Lem Satterfield

Bradley on Marquez: ‘I’m gonna whup his ass’

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Tim Bradley has taken a lot of heat since last June, when he beat Manny Pacquiao for the WBO’s welterweight belt by a disputed split decision at the MGM Grand in Las Vegas.

So incensed was Bradley that he did not appear to receive credit and acceptance from the boxing community for his triumph, that the 30-year-old fighter carried those emotions into his next bout, against Ruslan Provodnikov.

Bradley had to rise from a 12th-round knockdown to secure a unanimous decision over the hard-punching Provodnikov, who still believes he was cheated by a referee who ruled that Bradley had slipped rather than being floored in the first round of that bout.

During a conference call on Tuesday, a still simmering, if not more focused, Bradley vowed to be at his sharpest on Oct. 12, when the Palm Springs, Calif., resident will meet four-division titlewinner Juan Manuel Marquez at the Thomas and Mack Center in Las Vegas.

“Man, I’m going to whup his ass, and the judges are going to give me the fight, and that is the bottom line,” said Bradley, who will face Marquez on HBO Pay Per View.

“I’m going to win the fight. I’m not concerned about any judges, not concerned about any [referee,] I’m going to get in there and do my job, and I’m going to beat Marquez, and the world’s going to see it.”

Bradley (30-0, 12 knockouts) still was the WBO’s junior welterweight titleholder back in February of 2009 when Marquez scored a ninth-round knockout over Juan Diaz for the WBA and WBO lightweight belts.

“I wanted this fight three years ago. I’ve always felt that I could beat Marquez. When he faced Juan Diaz, I felt like I could have been in there and I could have done a lot better,” said Bradley of Marquez, whom he called “by far, the best fighter” he will have faced.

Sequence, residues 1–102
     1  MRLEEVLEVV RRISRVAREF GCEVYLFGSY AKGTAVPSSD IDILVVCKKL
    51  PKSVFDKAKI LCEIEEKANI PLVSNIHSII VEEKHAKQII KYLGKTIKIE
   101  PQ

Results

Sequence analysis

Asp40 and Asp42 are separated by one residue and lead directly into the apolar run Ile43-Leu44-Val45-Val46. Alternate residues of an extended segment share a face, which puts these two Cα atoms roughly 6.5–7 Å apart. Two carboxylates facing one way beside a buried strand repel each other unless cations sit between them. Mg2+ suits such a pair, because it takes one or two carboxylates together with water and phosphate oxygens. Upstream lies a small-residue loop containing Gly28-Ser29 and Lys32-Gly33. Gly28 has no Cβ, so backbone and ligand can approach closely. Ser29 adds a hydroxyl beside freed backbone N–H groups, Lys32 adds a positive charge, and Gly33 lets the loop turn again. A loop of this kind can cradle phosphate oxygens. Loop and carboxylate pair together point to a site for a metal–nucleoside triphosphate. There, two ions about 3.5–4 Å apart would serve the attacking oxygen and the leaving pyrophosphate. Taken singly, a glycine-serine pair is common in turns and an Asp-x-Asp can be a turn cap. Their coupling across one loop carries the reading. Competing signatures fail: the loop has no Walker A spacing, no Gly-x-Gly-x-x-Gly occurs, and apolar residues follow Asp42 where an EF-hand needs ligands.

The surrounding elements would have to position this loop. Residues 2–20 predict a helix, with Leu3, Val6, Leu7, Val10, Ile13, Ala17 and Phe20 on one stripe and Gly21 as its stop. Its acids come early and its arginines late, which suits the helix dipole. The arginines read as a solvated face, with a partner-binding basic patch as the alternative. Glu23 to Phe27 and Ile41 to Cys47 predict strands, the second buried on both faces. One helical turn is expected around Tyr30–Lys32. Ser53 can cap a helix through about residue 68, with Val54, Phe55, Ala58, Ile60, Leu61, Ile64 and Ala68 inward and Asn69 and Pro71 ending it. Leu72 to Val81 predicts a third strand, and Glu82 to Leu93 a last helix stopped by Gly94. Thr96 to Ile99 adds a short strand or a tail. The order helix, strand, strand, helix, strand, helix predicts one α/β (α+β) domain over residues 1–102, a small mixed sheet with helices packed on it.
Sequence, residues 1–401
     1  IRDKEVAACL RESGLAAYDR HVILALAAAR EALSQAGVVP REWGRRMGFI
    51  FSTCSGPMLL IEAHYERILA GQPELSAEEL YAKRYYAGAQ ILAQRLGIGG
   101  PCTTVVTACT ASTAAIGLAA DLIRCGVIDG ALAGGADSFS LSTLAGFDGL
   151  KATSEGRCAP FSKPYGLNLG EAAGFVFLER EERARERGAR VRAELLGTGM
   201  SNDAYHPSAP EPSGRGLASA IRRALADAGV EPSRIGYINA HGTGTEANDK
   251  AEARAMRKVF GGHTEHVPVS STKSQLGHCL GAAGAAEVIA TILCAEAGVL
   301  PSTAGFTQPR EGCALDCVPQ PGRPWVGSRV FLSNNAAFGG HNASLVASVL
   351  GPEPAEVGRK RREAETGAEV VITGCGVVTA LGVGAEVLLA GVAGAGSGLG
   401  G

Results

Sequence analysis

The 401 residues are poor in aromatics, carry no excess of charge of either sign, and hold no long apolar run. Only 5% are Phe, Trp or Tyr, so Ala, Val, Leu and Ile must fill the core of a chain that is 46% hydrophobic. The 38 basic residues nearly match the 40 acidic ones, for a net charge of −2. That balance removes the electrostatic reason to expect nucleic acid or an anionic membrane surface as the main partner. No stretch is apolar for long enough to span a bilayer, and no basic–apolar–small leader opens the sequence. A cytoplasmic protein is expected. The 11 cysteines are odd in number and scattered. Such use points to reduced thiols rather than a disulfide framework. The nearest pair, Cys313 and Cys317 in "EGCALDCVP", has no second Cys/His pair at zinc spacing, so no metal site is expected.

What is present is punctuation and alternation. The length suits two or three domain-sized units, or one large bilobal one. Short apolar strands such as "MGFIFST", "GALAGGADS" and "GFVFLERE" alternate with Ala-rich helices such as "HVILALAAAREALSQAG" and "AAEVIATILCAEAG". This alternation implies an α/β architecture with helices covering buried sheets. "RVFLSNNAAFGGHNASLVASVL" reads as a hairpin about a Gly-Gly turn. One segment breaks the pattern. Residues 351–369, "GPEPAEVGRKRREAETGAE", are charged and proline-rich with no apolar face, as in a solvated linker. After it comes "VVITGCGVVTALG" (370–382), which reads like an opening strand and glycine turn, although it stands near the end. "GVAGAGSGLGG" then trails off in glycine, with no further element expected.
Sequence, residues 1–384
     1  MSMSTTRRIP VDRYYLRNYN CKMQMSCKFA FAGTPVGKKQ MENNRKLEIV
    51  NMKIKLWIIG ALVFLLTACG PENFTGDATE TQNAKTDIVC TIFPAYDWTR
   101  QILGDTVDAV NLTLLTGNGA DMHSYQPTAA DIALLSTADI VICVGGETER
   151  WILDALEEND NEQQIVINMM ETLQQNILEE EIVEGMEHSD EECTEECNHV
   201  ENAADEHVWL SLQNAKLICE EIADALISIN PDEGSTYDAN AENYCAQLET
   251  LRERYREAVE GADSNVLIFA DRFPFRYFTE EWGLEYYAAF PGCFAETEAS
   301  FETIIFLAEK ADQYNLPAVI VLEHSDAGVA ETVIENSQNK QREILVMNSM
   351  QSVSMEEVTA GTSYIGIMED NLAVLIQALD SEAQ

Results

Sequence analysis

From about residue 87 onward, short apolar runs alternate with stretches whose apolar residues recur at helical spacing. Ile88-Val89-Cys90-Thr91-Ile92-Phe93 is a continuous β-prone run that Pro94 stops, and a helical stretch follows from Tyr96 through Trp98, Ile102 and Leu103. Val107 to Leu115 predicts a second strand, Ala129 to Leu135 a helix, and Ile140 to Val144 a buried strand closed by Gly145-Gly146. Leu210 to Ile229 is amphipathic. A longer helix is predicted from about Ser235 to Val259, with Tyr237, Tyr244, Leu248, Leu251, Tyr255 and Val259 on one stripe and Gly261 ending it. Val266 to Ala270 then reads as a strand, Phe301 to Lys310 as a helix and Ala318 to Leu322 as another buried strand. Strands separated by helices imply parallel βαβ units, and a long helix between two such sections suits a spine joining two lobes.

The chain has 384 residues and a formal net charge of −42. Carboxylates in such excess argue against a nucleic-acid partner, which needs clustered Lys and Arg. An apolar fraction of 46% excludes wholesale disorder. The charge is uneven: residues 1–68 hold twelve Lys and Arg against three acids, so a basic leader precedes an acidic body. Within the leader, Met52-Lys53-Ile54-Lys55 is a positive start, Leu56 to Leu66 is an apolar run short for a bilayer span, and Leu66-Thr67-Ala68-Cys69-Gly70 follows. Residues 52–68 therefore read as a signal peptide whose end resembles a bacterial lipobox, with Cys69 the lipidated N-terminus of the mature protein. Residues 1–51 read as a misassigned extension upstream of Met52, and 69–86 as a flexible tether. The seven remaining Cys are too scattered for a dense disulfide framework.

“With that being said, I’m glad that the fight is happening now. I want to prove that I’m one of the top fighters, pound-for-pound, in the game. I’m going to beat Marquez. You’re hearing it here first. Once again, I’m going to beat him, and we’ll hear what the people have to say after that.”

According to Bradley’s trainer, Joel Diaz, Bradley is less likely to engage Marquez toe-to-toe as he did Provodnikov.

“The most important thing about this fight is that Tim needs to stay very focused, follow the strategy, and don’t fall into Marquez’s game. Marquez is a very experienced fighter, and, Timothy just needs to stick to his game plan and don’t get carried away by anything else. Just follow instructions and he’ll be fine…I know Marquez myself, because I’ve followed Marquez’s career,” said Diaz.

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“I’m a big fan of Marquez, and just watching him fight, I remember every single one of his fights. I really don’t have to look at much video because I truly remember every single one of his fights. How he performs, and what his strengths and weaknesses are. I know how smart he is, as far as counterpunching, and that’s why I really don’t have to look at much video, because I follow him.”

Besides Manny Pacquiao, who won two decisions over Marquez (55-6-1, 40 KOs) before getting knocked out cold by him in December, Freddie Norwood, Chris John and Floyd Mayweather Jr. have also beaten the Mexican star by decision.

Bradley has taken long looks at every one of Marquez’s most significant fights.